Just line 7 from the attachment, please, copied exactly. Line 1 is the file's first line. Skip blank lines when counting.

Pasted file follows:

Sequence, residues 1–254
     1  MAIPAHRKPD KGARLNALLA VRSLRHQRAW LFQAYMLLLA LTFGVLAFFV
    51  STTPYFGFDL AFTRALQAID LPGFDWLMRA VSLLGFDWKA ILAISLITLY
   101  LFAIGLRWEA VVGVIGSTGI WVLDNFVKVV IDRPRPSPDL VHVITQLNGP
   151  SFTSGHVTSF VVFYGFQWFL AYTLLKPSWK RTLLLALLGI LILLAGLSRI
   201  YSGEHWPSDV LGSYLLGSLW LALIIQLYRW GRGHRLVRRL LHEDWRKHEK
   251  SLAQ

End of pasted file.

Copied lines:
   251  SLAQ